(BBC) A Jamaican lesbian has won the right to stay in the UK after immigration judges ruled she risks persecution if she returns to her home country.
The woman, who cannot be identified but lives in Stoke-on-Trent, was originally refused leave to remain in the UK by the Home Office.
She asked to stay on the basis she was an “out” lesbian and her home country is “deeply homophobic”.
A tribunal has now ruled she can remain in the UK.
Aware as girl
Her case was reconsidered by the Upper Tribunal’s Immigration and Asylum Chamber in London where senior immigration judges said she was “entitled to refugee protection”.
The case was identified by the judges as one of potential “country guidance” on the issue of the risks to lesbians returning to Jamaica.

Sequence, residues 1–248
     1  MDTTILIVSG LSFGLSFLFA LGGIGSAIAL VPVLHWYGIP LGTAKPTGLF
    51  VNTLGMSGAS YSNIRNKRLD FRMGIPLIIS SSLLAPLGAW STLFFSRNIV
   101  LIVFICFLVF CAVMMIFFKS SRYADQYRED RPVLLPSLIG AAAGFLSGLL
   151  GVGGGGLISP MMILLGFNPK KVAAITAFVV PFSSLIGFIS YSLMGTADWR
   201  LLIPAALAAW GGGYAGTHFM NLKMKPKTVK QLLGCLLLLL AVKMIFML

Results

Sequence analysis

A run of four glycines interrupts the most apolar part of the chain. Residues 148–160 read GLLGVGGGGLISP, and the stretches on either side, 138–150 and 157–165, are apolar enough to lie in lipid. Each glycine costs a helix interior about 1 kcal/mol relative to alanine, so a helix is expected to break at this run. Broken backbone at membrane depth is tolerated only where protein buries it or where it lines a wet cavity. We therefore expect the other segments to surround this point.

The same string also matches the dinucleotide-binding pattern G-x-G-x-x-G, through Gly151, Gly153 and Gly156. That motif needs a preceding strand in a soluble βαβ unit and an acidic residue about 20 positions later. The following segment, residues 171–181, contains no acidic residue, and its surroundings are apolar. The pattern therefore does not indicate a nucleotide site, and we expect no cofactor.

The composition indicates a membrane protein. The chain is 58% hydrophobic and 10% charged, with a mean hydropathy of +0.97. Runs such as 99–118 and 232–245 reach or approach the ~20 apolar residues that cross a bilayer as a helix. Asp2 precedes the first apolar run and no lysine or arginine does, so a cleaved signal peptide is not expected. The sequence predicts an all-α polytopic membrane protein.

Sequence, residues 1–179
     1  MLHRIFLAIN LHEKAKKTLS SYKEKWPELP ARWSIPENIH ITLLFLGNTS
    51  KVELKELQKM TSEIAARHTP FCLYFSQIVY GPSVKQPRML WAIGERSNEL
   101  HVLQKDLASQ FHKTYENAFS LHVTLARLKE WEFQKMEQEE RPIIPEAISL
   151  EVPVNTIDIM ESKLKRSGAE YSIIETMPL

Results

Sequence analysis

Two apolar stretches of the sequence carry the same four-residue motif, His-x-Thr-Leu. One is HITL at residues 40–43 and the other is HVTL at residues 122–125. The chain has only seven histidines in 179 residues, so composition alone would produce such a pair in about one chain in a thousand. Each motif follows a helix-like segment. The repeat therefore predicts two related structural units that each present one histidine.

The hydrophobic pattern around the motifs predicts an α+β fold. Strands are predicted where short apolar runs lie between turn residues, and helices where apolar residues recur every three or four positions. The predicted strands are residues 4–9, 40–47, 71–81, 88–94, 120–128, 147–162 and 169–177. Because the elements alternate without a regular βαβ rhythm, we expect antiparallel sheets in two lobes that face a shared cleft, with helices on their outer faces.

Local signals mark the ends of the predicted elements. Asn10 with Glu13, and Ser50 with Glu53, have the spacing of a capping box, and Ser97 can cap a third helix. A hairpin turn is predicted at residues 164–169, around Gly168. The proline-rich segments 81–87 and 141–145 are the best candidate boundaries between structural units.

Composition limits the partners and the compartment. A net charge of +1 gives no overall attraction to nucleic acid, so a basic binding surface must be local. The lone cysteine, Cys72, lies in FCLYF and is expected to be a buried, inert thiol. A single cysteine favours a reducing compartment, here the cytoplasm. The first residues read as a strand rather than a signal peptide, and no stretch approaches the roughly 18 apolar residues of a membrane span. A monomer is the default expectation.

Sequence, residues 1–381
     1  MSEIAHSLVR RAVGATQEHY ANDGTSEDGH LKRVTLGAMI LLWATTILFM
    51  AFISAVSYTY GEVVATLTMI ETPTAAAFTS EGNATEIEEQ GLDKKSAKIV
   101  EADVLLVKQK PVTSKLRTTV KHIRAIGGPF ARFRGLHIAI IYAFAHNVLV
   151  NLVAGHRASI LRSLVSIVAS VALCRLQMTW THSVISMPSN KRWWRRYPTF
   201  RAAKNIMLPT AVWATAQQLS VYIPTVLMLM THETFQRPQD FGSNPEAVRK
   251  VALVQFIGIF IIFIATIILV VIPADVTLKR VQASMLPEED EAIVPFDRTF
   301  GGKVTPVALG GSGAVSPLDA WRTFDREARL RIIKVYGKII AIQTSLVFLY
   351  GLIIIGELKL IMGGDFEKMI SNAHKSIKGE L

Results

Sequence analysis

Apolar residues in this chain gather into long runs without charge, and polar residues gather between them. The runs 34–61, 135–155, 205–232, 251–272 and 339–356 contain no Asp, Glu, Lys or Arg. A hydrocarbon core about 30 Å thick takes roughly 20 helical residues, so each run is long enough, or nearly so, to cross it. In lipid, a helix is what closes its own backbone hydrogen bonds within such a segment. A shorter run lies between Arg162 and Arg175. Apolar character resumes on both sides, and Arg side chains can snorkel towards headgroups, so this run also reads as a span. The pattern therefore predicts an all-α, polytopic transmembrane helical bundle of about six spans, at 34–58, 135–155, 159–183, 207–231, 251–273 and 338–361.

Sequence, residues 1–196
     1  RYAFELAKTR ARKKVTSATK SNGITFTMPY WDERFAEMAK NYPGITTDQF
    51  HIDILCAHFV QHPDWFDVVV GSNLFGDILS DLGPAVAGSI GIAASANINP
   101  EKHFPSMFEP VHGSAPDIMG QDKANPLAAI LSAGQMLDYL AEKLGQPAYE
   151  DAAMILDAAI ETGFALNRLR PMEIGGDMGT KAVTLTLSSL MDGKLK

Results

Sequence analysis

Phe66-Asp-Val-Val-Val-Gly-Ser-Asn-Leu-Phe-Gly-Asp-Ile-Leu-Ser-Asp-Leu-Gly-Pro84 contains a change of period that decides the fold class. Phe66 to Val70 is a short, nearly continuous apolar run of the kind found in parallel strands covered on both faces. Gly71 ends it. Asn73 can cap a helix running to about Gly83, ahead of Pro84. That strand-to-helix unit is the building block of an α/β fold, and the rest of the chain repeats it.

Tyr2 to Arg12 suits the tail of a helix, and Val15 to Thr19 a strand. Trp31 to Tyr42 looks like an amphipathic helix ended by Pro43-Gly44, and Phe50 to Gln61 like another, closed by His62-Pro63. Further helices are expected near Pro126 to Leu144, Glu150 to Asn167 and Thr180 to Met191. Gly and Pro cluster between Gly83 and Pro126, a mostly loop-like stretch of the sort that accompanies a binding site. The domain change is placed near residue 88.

The tribunal heard the woman became aware of her sexuality as a young girl.
Unable to be open, she had lived as a “discreet lesbian”, socialising with a select group of women who organised meetings via an internet chatroom.
She told the tribunal that while out with this group on one occasion they were identified as possible lesbians because they were dancing together, rather than with men, and the DJ began playing hostile songs with anti-gay lyrics.
A group of men then threatened to “convert them” – implying they would rape them – and followed them out of the bar.